Maybe you just
want more gay friends.

Maybe you're
single, a great catch, and have tried everything you know to
find true love -- and still nothing’s working.
Perhaps you're fed up with "the scene" and wondering
if there are still any good men out there. Maybe you
worry you'll never find Mr. Right and be alone forever.
Perhaps you're filled with envy every time you see a happy
gay couple.

Maybe you're in a
relationship and looking to feel closer to the man
you're with. Perhaps you're tired of having the same
argument. The passion in your relationship may feel
like it's long gone. At times you may even wonder if
you're with the right guy, but you don't want another
failed relationship.

Straight Acting: Gay Men, Masculinity and Finding True Love (Cover) |

Maybe you can't
quite put your finger on why it seems so hard to find a
meaningful relationship that lasts with another man. You
know you want deeper intimacy in your life. You're
just not sure how to get it.

At times you may
think of things as if something's missing. "How do I
make a gay relationship work?" "I'm tired of the bars,
partying, and one-night stands." "Is it all about
sex?" "I'm sick of all the attitude." "How do I meet
more guys outside of the steam room?" "I'll always be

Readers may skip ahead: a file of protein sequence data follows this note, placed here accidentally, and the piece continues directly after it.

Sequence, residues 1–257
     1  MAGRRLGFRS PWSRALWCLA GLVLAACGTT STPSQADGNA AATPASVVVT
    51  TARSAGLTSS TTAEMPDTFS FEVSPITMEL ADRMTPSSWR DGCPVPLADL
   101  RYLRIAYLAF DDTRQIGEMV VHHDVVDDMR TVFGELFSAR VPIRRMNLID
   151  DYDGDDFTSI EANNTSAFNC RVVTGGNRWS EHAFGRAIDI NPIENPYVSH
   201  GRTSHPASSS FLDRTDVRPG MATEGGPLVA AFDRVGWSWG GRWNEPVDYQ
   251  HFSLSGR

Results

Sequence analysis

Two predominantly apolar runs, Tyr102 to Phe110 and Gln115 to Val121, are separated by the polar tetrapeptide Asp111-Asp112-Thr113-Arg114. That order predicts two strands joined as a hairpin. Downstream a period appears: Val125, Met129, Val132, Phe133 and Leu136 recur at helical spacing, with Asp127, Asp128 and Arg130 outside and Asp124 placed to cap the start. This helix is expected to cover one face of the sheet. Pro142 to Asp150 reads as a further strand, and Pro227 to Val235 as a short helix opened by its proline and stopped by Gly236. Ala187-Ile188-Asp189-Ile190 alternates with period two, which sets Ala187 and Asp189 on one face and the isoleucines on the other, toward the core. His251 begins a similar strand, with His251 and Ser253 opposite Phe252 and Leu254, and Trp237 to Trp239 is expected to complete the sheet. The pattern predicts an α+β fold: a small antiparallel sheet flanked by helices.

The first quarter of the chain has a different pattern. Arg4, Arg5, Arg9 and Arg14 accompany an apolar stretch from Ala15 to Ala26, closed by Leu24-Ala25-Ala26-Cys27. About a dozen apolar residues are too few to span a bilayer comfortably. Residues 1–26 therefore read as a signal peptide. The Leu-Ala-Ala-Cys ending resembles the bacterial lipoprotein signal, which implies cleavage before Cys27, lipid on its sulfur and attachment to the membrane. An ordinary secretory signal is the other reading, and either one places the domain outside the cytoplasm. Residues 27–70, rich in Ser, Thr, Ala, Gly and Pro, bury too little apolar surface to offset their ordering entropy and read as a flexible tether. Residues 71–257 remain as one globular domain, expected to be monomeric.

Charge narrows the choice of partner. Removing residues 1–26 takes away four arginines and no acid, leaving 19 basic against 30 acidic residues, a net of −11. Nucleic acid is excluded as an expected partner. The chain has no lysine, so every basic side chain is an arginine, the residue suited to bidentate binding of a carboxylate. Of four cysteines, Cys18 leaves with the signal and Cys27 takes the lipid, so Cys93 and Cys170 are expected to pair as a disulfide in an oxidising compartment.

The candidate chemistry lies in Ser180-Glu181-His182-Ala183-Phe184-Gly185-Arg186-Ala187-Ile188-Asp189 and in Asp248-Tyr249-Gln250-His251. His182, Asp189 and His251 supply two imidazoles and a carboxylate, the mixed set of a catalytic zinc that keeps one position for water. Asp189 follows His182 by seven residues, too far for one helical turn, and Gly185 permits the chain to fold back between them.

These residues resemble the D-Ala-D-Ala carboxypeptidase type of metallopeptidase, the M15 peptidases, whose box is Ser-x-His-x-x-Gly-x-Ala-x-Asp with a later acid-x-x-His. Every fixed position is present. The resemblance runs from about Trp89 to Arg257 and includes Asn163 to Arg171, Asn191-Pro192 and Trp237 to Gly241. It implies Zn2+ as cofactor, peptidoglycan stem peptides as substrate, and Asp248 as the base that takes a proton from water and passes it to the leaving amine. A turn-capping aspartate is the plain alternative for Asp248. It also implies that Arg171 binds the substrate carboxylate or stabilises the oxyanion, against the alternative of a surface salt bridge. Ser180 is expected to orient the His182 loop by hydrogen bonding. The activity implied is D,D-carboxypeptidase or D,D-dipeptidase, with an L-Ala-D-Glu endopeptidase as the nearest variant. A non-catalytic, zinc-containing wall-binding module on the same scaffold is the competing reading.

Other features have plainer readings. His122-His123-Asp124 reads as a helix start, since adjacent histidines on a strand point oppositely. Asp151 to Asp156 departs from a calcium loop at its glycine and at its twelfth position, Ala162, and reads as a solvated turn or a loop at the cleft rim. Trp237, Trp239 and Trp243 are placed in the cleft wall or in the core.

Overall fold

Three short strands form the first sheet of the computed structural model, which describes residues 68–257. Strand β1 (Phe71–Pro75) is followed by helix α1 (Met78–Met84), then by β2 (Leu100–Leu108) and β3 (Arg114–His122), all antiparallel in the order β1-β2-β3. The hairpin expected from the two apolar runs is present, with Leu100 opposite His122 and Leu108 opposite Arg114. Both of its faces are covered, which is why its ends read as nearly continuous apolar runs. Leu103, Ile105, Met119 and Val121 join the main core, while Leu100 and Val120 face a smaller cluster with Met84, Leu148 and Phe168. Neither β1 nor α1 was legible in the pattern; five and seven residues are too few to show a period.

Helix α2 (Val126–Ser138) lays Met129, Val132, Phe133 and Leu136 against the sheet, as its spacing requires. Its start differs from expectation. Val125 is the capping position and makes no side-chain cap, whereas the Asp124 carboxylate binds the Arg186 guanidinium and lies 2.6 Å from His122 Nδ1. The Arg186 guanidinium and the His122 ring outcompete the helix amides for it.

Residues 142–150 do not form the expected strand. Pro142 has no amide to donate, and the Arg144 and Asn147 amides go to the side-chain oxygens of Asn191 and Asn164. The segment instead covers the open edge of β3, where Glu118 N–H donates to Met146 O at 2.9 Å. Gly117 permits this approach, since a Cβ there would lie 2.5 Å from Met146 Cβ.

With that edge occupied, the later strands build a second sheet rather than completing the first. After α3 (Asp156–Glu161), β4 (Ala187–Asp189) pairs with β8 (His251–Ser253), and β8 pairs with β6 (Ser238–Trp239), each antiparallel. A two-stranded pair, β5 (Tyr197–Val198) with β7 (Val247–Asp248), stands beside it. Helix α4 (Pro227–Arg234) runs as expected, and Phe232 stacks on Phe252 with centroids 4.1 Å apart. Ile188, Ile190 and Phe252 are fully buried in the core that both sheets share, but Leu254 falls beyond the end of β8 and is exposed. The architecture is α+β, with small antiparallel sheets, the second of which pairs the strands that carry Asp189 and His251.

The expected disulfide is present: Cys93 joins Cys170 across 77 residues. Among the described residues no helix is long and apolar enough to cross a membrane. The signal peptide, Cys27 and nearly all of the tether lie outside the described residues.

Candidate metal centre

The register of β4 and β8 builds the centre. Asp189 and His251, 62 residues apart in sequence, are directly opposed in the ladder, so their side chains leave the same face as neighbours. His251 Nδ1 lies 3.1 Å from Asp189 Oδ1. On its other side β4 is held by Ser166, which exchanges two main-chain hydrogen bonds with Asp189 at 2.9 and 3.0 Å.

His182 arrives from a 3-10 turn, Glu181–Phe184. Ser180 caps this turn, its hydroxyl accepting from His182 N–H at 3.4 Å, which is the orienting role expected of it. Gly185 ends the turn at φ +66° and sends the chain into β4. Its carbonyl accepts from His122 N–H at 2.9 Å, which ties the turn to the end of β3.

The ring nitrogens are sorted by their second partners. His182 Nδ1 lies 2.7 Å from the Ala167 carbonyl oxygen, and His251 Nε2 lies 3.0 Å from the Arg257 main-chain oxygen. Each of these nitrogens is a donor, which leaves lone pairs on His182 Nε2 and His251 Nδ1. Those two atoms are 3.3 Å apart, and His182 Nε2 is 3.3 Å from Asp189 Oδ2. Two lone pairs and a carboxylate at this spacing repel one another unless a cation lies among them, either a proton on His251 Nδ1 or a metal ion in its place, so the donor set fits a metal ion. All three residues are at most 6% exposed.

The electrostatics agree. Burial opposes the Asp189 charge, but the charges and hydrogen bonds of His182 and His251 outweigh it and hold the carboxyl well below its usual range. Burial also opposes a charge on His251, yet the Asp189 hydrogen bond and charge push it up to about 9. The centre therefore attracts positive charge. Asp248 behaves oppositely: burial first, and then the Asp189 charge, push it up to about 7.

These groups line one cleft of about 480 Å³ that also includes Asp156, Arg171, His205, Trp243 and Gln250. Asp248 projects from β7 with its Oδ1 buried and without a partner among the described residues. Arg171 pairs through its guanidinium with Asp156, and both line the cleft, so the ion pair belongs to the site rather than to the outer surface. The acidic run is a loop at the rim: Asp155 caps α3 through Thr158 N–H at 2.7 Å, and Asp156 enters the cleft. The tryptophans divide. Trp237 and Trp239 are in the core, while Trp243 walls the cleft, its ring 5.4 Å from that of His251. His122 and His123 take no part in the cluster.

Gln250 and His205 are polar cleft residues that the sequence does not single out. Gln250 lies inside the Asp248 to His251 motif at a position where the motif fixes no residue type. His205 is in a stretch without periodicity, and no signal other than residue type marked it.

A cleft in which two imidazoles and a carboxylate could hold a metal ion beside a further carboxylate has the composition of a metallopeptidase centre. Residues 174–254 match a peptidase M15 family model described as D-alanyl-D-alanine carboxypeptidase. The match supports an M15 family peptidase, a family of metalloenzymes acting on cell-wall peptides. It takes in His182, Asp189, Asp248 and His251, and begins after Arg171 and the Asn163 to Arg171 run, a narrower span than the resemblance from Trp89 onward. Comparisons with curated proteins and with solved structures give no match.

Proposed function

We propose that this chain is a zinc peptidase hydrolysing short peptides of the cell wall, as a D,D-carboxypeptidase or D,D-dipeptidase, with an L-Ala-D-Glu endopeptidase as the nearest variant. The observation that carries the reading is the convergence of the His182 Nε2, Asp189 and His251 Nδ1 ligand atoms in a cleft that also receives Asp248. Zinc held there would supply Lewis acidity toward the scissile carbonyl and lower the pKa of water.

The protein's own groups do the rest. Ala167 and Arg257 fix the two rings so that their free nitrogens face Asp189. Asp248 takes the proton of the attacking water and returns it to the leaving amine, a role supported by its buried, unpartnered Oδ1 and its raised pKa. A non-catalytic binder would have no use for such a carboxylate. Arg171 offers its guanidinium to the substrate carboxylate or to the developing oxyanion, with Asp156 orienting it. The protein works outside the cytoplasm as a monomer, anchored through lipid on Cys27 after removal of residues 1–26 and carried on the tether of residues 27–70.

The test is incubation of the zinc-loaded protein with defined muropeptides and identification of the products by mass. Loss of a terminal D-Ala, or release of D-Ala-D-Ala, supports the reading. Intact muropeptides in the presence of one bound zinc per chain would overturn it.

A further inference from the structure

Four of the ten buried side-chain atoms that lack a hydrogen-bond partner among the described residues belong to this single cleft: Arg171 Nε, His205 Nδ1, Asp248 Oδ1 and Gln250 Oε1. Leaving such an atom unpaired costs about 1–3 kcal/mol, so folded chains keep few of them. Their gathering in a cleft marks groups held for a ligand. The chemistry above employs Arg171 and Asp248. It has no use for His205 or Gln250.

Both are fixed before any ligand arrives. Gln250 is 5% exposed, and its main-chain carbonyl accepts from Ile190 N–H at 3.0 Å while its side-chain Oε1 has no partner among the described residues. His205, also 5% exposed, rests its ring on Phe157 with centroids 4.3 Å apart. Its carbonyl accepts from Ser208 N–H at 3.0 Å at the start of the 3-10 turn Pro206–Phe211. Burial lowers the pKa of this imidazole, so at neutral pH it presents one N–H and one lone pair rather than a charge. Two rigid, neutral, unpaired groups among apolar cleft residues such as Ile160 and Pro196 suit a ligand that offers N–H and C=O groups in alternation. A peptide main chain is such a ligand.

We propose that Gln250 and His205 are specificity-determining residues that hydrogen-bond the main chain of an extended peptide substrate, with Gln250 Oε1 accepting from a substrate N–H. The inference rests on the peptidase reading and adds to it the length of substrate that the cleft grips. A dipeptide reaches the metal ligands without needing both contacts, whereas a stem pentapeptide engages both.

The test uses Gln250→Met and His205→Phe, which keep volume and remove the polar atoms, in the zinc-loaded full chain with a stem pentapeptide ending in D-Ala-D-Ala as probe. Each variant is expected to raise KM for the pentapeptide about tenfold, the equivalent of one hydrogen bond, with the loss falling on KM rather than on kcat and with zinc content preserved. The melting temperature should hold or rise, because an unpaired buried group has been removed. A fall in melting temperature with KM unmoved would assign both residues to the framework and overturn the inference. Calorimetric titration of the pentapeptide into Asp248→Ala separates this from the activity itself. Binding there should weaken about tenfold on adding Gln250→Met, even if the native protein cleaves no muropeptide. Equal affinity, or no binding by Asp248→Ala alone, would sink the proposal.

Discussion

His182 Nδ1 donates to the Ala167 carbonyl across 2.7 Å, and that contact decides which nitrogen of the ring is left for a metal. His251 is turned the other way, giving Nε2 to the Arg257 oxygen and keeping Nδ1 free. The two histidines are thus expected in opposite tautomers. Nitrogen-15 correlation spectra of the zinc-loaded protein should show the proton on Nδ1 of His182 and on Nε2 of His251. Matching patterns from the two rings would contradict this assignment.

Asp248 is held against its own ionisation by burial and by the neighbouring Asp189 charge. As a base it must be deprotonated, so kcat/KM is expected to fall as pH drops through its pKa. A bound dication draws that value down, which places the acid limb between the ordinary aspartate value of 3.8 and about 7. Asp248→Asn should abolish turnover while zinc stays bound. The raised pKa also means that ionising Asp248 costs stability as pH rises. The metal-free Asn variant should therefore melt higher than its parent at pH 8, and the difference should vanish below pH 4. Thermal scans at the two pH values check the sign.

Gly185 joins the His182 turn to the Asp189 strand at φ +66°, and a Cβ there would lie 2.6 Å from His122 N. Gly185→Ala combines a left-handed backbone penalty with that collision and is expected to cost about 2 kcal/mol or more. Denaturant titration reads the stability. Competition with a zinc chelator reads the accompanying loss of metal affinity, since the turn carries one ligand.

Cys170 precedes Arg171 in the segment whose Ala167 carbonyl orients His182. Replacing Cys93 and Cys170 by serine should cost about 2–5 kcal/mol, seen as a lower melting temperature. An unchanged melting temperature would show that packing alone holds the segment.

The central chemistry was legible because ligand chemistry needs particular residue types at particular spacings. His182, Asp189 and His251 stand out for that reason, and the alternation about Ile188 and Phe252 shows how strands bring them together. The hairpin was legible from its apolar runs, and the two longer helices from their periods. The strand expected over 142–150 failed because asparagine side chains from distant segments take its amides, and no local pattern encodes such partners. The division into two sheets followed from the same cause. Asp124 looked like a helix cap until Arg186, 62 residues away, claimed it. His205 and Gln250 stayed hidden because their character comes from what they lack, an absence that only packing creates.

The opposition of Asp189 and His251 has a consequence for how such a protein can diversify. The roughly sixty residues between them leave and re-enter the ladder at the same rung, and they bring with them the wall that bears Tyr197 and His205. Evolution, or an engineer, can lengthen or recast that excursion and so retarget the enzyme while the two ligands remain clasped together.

single." "Why does it seem impossible to meet a man
for something more?" "No one wants me." "When do
things get better?" "Something’s just not

Don't spend
another day racking your brain and beating yourself up. Want
to know what's getting in the way of you and your man?

called straight acting.

The strong and
pervasive American expectation that men should act like
men ingrains a belief among gay men that being "too gay" is
shameful and certainly not "manly." The way we see ourselves
is in part a reflection of the way others see us.
Growing up in a media-saturated culture that
constantly bombards us with messages of what a "real
man" is, many gay men ingest the belief that they're less
than "all man," which brings with it a significant amount of
stress. Dealing with this prejudice from the time we're very
little, some of us may even be traumatized, attempting
to cope in ways like unsafe sex, drugs, and alcohol
abuse -- and focusing too much on appearance --
that end up being self-destructive. Being stereotyped as
effeminate, it’s understandable that many gay
men would seek to present a normative masculine image
within their discriminatory heterosexist (straight) and
homophobic (masculine) culture in order to feel "normal" --
respected. Straight acting is a gay decoy -- gay
men’s camouflage. It’s buzz cuts,
tattoos, facial hair, military and sports garb, rock-hard
bodies, and more. It says, "I'm gay, but I'm not a faggot."
It attempts to level the playing field.

Take any gay
personal ad: "straight acting, straight appearing
only." "No fats, no fems." "Jock looking for same."
"Real men only." The list goes on. No matter how out we are,
the sly "gay shame monster" can sneak up on us, and at
times we may play it more mainstream and masculine to